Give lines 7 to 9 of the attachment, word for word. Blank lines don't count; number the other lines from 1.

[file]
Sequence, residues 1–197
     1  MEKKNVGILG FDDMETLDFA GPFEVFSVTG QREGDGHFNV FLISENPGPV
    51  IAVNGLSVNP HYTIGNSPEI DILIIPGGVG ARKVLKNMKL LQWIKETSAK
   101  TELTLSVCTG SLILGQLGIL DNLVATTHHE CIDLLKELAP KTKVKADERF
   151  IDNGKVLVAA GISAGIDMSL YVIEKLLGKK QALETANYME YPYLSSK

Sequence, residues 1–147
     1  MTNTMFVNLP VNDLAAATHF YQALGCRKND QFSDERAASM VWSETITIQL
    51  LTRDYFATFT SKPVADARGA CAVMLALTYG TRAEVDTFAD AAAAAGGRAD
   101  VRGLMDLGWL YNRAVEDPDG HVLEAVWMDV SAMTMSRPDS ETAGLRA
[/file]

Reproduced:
     1  MTNTMFVNLP VNDLAAATHF YQALGCRKND QFSDERAASM VWSETITIQL
    51  LTRDYFATFT SKPVADARGA CAVMLALTYG TRAEVDTFAD AAAAAGGRAD
   101  VRGLMDLGWL YNRAVEDPDG HVLEAVWMDV SAMTMSRPDS ETAGLRA